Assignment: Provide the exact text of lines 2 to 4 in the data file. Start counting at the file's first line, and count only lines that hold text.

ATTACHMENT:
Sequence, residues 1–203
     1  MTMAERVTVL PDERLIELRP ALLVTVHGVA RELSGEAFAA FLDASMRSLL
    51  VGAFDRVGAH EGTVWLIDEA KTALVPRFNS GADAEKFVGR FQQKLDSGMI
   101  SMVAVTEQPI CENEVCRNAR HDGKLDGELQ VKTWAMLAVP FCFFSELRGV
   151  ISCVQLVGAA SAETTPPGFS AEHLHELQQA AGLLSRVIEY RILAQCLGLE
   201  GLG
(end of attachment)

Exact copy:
     1  MTMAERVTVL PDERLIELRP ALLVTVHGVA RELSGEAFAA FLDASMRSLL
    51  VGAFDRVGAH EGTVWLIDEA KTALVPRFNS GADAEKFVGR FQQKLDSGMI
   101  SMVAVTEQPI CENEVCRNAR HDGKLDGELQ VKTWAMLAVP FCFFSELRGV